daries of the wings are most wonderful
examples of plumage, and would re
quire many pages to describe them fully.
Suffice it to say that the gradations of
jetty black, deep rich brown, orange,
fawn, obe and white, are so jnstly and
boldly arranged as to form admirable
studies for the artist, and totally to
baffle description.
A liberal education, a handsome per
son, and a wealthy and indulgent father
were among the agreeable things that
were vouchsafed Robert Anson by emil-
: t 4 it:- .1 i f - i -
i ,k V V 1 naturally at list, however, and the
"is early youth, and the father and son i w; ,. J, ".,
-the ouly members of the family left-! v,"! T'
had afterwards been more like brothers . J6 L?fn Xr An - ,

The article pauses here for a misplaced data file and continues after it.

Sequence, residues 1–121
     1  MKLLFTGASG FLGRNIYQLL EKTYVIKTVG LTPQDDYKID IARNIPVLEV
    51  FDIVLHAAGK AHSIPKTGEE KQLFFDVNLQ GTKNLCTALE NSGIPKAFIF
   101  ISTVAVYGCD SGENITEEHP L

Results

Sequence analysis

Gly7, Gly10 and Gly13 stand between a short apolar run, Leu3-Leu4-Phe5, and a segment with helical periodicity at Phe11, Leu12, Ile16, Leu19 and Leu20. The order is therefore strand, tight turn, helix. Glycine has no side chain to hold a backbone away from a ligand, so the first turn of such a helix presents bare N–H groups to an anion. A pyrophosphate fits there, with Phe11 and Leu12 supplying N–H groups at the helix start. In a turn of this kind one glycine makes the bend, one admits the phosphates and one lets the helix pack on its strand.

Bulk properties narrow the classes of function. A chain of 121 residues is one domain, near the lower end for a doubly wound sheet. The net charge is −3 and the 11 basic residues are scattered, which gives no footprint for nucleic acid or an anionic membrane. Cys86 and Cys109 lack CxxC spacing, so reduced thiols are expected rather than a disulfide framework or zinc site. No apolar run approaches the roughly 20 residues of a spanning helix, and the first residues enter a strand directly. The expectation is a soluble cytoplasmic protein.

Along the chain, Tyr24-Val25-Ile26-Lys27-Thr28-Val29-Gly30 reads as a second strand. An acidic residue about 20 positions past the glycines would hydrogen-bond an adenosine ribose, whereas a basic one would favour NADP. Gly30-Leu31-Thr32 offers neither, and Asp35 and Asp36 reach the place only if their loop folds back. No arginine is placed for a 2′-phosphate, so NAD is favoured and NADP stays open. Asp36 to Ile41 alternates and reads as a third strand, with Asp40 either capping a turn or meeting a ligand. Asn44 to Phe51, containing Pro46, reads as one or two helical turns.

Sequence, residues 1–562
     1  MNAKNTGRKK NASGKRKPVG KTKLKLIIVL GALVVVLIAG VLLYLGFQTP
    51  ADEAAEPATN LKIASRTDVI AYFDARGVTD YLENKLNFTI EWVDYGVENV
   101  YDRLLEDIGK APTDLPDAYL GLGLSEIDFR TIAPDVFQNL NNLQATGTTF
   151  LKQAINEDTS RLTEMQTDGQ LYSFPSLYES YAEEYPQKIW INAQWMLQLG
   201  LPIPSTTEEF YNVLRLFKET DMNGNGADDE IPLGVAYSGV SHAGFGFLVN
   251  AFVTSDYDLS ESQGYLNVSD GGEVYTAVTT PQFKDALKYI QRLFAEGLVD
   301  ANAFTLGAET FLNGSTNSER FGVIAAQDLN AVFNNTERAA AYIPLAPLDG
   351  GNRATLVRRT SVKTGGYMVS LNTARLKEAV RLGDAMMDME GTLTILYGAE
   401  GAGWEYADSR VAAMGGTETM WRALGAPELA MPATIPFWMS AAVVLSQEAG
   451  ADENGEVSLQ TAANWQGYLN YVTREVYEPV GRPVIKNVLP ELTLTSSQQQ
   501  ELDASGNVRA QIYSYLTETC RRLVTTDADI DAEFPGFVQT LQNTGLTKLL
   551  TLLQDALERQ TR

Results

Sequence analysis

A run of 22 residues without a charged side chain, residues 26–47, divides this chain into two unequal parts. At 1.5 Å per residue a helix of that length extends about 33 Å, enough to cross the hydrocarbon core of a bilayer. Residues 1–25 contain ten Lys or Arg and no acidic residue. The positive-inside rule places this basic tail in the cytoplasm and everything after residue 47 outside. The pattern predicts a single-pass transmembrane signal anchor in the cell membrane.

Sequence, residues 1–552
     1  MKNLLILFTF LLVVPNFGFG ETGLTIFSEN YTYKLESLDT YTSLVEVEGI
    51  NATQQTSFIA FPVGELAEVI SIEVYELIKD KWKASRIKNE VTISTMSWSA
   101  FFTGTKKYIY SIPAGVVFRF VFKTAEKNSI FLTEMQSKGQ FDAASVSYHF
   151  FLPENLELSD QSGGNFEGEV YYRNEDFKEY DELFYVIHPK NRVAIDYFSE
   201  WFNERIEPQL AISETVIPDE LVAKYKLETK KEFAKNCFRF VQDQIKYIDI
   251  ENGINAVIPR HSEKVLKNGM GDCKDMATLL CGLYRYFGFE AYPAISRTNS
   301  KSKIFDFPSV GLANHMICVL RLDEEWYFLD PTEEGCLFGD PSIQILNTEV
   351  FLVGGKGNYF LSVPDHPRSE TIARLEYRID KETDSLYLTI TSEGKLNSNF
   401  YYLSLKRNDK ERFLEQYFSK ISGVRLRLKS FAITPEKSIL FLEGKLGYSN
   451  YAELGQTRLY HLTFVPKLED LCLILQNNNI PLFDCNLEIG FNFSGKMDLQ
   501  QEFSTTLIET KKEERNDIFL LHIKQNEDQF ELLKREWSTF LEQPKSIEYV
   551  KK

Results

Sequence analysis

iu their relations toward each other, j WDlled showm nr perfect teeth in a
had made a European tour, and Z&&g?l?i
had traversed every nook and corner of jJ5 . 6
America together, seeking in rational "ihopw not"
nTnfVnlff "'Sr?5??!.4 ' "S r and even the widow's pretty
a colossal fortune. But at hist there frown captivated him.
w ? .8t"ParMn. ?' yr- Anson pardon," Le added, crest
desired to again visit Europe and his tMe.i mefa ttMt to
father preferred a trip across the conti- matte. over with you. Do JonthitA
nent to the Pacific coast ; there ore each matc ..together a good one ?"
went his way. followed by the good .. ur dpped appro
wmhes of the other. ,, '.. t.;.i ...??7 '.
Mr. Anson, senior, spent six mouths
ou the plains and in California, and
uiade a discovery on the return trip,
Stopping a few days iu Chicago, he